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Journal of the American Academy of Dermatology
Volume 58, n° 3
pages 484-487 (mars 2008)
Doi : 10.1016/j.jaad.2005.08.069
Case Reports

Voriconazole-induced blistering in the setting of graft versus host disease: A report of 2 patients

Joseph D. Conlon, MD a, , Marie Dauenhauer, MD a, Viseslav Tonkovic-Capin, MD b, Julie Talano, MD a, David Margolis, MD a, Beth A. Drolet, MD a, Janet A. Fairley, MD c
a Department of Dermatology, Medical College of Wisconsin, Milwaukee, Wisconsin 
b Division of Dermatology, University of Kansas Medical Center, Kansas City, Kansas 
c Department of Dermatology, University of Iowa, Iowa City, Iowa 

Reprint requests: Joseph D. Conlon, MD, Springfield Clinic, LLP, 2200 Wabash Ave, Springfield, IL 67794.

Voriconazole is a newer triazole antifungal agent with a wide spectrum of activity against yeast, fungi and molds including many Candida, Aspergillus , and Fusarium species. Its use continues to increase, particularly in immunocompromised patients, owing to its broad coverage, availability in both intravenous and oral preparations, and safety profile. The detection of adverse events in these patients may be complicated by their preexisting comorbidities and polypharmacy. We describe 2 patients with hematologic malignancies status post allogeneic bone marrow transplantation who developed blistering eruptions on the extremities related to voriconazole use. A history of graft versus host disease in each patient confounded and delayed the diagnosis. It is imperative to recognize voriconazole-induced blistering as a separate and distinct entity in such patients with a history of graft versus host disease, since delayed withdrawal of voriconazole use could result in unnecessary and potentially dangerous increases in immunosuppressive therapy.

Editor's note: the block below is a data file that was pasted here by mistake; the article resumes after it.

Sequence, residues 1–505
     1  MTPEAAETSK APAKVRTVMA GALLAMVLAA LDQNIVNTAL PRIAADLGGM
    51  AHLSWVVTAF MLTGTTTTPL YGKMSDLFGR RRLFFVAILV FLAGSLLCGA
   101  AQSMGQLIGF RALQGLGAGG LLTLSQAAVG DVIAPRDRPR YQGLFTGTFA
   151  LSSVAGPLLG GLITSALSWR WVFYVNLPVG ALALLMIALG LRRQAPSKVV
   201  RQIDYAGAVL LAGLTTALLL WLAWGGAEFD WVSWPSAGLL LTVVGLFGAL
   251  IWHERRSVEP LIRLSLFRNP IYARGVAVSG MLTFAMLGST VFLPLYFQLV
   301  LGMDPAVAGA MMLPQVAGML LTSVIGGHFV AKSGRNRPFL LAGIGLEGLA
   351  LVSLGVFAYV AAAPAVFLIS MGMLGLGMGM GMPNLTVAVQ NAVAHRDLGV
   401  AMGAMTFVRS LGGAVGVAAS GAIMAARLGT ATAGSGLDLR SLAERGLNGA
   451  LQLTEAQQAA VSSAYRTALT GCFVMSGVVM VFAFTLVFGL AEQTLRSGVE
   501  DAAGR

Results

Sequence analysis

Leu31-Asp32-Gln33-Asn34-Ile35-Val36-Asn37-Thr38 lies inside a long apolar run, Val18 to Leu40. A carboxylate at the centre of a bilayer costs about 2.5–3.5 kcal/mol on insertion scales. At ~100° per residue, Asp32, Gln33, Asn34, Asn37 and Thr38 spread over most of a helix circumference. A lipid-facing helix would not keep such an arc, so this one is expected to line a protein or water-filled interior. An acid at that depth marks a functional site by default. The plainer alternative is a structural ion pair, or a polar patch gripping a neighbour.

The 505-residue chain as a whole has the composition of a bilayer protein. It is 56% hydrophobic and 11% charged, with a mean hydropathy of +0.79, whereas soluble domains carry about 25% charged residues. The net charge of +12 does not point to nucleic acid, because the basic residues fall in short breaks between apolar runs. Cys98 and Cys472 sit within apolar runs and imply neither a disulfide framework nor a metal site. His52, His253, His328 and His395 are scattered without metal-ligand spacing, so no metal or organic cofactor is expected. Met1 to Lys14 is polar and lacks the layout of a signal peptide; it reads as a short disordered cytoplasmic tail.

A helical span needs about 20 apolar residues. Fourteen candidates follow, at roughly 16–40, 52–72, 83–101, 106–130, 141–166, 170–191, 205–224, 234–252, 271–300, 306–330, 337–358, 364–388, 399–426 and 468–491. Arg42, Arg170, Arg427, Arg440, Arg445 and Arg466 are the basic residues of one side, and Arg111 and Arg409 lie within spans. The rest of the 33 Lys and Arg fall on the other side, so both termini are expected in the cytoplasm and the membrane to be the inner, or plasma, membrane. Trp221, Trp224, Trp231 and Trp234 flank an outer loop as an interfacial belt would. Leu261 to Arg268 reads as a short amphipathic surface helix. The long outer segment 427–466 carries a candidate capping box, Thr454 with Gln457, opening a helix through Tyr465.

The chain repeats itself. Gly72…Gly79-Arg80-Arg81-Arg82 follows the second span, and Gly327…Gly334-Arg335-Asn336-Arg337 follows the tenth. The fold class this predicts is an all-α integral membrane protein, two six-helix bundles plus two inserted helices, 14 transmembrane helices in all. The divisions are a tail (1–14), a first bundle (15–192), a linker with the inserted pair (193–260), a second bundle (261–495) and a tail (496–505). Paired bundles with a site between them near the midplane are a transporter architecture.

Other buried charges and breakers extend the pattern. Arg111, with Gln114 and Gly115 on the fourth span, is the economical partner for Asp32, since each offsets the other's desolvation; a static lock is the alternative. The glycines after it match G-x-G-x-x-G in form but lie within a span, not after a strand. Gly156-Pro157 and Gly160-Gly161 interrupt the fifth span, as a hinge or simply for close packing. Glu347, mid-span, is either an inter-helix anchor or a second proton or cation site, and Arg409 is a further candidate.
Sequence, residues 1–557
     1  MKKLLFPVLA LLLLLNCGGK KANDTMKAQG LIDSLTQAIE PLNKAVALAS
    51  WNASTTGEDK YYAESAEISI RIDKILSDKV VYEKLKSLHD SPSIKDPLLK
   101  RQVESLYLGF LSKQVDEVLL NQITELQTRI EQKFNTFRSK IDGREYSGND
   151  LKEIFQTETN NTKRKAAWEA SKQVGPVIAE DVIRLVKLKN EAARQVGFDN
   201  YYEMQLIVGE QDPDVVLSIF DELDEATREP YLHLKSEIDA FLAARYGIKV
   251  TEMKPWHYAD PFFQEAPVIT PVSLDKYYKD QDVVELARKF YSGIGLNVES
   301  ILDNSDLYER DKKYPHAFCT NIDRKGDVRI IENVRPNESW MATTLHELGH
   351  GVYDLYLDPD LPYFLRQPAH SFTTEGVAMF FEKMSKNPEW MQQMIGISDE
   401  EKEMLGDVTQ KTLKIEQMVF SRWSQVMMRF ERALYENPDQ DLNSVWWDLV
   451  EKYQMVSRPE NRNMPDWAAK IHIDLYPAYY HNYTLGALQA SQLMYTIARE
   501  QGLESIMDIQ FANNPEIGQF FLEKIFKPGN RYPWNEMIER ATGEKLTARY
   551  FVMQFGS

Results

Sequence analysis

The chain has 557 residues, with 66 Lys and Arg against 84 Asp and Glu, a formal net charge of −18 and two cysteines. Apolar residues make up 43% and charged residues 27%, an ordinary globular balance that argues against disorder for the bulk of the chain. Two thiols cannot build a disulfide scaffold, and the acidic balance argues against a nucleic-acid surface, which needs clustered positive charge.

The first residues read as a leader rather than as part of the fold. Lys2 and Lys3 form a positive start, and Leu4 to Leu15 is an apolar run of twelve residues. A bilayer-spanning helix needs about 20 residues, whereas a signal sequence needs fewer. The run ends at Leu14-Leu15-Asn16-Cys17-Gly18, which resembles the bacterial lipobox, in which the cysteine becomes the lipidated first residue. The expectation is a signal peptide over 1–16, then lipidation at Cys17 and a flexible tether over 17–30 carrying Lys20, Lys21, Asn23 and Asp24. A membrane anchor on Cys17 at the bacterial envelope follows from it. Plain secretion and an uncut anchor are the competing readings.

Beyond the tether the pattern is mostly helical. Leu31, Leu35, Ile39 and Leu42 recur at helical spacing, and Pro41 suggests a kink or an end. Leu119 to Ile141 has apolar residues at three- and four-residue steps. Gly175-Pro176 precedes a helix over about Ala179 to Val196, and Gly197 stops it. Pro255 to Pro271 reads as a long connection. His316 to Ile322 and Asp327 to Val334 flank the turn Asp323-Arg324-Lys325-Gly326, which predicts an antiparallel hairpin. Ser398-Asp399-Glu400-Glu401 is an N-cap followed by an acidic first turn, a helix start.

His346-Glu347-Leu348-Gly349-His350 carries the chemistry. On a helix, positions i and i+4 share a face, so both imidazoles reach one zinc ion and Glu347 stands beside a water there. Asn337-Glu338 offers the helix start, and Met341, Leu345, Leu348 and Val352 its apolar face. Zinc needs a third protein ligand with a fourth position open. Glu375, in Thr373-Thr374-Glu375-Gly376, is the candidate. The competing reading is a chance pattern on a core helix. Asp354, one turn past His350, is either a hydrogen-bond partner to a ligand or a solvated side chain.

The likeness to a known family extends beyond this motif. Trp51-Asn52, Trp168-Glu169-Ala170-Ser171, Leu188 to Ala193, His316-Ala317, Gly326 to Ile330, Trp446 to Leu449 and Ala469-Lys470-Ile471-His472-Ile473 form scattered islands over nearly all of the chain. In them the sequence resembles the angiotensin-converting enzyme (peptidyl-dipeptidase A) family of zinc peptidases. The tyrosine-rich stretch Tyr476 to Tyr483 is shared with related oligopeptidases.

The full text of this article is available in PDF format.

 Funding sources: None.
 Conflicts of interest: None declared.

© 2008  American Academy of Dermatology, Inc.@@#104156@@
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